Mari Smith, Peer Mentorship Coordinator

PS–For ten years running the biggest social concern seventh-graders had was bullying, but this year it’s loneliness. An online mentor will help with that a lot! Give today to make it possible. 

Adapting Your Email Templates to 2020

You should always adapt your email templates to respond to donor signals and appeal to donor personas, but this year it’s particularly important. It’s likely that many of your supporters are having a hard time, one way or another. If you don’t respond to that, you risk donors finding you irrelevant and uncaring. 

A general principle to keep in mind for GivingTuesday and beyond is that generosity takes many forms. Just because someone is unable or unwilling to donate doesn’t mean they can’t be generous. Donors can also share their time, influence and expertise.  

For Donors Who Can’t Donate This Year

There are a lot of reasons people may not be able to give money this year. Job loss, medical expenses, and a general sense of insecurity can all influence giving. Listen to your donors–if someone has told you they can’t donate, don’t ask them for money.

Your first option is to send a thank you note for their past support without any ask at all. Simply remove your fundraising information and ask from the template. However, if the donors have social media presence or spheres of online influence, you may want to ask for a social share instead. Adjust the call-to-action and PS to reflect that ask. 

Dear/Hello/Hi [Name],

[Message of Gratitude and Introduction]

This GivingTuesday our goal is to raise [$] for [Program] to [name specific impact]. Will you help us spread the word?

[Brief Impact Story]

[Call- to-Action–Ask again to share]

[Signature]

[PS–Add specific share ask]

Here’s how our original email template would change:

Subject: Help us spread the word!

Header Text: Middle School doesn’t have to be this lonely!

Hello Sarah,

Practically everything has changed at Growing Organization this year, but one thing has been sure, strong and unchanging: Your support. 

As we navigate this truly unique year, you keep showing up for the kids we serve. It was wonderful to see you at the virtual gala in May, and your peer-to-peer birthday fundraiser really helped us out in August. Thank you!

December 1, 2020, is GivingTuesday, a global day of generosity. This year, our goal is to raise $10,000 to make our middle school mentorship program virtual and reduce loneliness among sixth and seventh graders. I want to invite you to share the campaign with your social media network.

Eighth-grader Ava was all set to become a peer mentor this year, after being a successful mentee in sixth and seventh grade. She says, “I’m so excited to help other kids because having a mentor helped me so much. Before I had a mentor, I had a stomachache every day before school, I was so nervous about being there. My mentor helped me practice relaxing and being myself. I want to help someone like that.”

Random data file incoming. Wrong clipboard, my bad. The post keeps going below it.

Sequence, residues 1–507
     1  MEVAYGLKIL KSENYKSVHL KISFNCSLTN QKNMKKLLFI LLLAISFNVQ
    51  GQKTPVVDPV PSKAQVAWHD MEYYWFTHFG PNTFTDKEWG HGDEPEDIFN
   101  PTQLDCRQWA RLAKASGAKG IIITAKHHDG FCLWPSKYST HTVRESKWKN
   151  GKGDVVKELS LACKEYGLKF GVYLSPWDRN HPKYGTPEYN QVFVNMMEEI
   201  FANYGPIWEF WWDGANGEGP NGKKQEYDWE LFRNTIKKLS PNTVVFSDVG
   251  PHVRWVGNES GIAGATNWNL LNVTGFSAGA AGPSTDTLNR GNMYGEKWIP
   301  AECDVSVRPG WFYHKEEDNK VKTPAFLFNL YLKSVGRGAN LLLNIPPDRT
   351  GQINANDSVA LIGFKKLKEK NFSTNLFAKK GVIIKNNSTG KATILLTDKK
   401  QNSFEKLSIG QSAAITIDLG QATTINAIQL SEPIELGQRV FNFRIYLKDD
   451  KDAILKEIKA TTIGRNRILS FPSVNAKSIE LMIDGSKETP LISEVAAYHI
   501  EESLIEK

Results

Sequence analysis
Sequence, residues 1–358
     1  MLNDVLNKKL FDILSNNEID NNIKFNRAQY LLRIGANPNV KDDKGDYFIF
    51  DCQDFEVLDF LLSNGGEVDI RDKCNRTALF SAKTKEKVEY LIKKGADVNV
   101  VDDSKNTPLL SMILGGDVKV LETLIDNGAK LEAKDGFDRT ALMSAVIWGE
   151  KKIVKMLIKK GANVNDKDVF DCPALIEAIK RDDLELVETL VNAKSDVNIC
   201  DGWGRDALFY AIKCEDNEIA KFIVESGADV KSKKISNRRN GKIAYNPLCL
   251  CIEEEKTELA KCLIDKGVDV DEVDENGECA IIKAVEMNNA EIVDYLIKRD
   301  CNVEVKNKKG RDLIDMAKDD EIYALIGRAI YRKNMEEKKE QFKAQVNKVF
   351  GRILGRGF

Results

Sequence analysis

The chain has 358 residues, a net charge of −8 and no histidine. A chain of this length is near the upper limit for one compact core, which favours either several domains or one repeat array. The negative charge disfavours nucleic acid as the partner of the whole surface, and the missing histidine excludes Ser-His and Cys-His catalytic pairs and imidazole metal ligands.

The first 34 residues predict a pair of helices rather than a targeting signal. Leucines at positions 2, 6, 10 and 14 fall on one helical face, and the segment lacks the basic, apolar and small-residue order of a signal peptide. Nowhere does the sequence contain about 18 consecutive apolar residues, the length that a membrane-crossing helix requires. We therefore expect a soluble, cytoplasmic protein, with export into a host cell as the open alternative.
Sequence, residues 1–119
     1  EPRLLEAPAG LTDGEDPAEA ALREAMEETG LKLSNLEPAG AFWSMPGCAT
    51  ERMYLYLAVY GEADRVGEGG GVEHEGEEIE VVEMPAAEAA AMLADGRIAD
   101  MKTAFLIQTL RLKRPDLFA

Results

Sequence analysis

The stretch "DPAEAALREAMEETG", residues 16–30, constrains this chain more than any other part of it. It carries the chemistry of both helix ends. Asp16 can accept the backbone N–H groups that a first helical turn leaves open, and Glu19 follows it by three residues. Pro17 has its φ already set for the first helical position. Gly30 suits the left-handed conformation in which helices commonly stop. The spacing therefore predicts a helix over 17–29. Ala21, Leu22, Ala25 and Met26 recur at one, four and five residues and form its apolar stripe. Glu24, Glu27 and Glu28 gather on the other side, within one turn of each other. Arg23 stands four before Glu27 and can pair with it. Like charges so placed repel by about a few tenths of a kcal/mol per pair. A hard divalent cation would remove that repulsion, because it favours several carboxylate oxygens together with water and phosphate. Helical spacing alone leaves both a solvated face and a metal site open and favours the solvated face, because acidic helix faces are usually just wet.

We want that, too, but we’re going to have to go online to make it happen. 

Right now, we have 30 sixth and seventh graders who have applied for mentors, but we need to revamp our training, monitoring, and coaching systems to work entirely online before we can match them up. Will you help us spread the word? 

Let’s come together as a community to make middle school less awful and friendship a lot easier for an Our Town student. Here’s the link to share!

Whether you’re a sixth-grader or a grownup, we all need someone we can count on. I’m glad we can count on you, Sarah!

Sincerely,

Mari Smith, Peer Mentorship Coordinator

PS–For ten years running the biggest social concern seventh-graders had was bullying, but this year it’s loneliness. An online mentor will help with that a lot!  Can you forward this email to 5 friends? 

For Volunteers

Asking volunteers for money can be a little tricky because you have to make sure to acknowledge the entire range of their contributions to your organization. You’ll want to avoid suggesting that you’re only interested in their money.

However, volunteers can also be passionate donors, so you shouldn’t entirely avoid soliciting them. Listen to their signals, then you can decide if it makes sense to suggest a monetary donation.

To adjust your template for volunteers, make sure you reference their service in your message of gratitude and introduction. That section should reflect their intimate knowledge of the programs you’re talking about. 

Dear/Hello/Hi [Name],

[Message of Gratitude and Introduction]

[Specific thanks for volunteering]

This GivingTuesday our goal is to raise [$] for [Program] to [name specific impact].

[Brief Impact Story]

[Call- to-Action]

[Signature]

[PS]

 

That template adjustment might look something like this:

Subject: You know the difference a mentor can make!

Header Text: Keep the mentorship program thriving in 2021

Hello Sarah,

Practically everything has changed at Growing Organization this year, but one thing has been sure, strong and unchanging: Your support. 

No matter what we’ve thrown at you during the past six months, you’ve rolled with it. Find a way to safely celebrate the graduating eighth-graders? You did it. Switch over all our in-school materials to home-delivered packets? You were ready to take it on. The volunteers have truly outdone themselves in 2020. Thank you, thank you, thank you.

You won’t be surprised that we’ve decided to make the middle school mentorship program entirely virtual. It won’t be easy, but we know that with your help, we can make it happen. That’s why we’ve dedicated our GivingTuesday fundraiser to raising the money to do it. Our goal is to raise $10,000 before midnight on December 1.

I know I don’t have to tell you the difference middle school mentors make. We have 15 new prospective mentors, but no way to safely train and monitor them. 

Eighth-grader Ava says, “I’m so excited to help other kids because having a mentor helped me so much. Before I had a mentor, I had a stomachache every day before school, I was so nervous about being there. My mentor helped me practice relaxing and being myself. I want to help someone like that.” 

We want that, too, but we’re going to have to go online to make it happen. 

Right now, we have 30 sixth and seventh graders who have applied for mentors, but we can’t match them until we revamp our training, monitoring, and coaching systems to work entirely online. Will you help us reach these students with the help they need? 

Your gift of $25 this GivingTuesday will make middle school less awful and friendship a lot easier for an Our Town student. Make it today!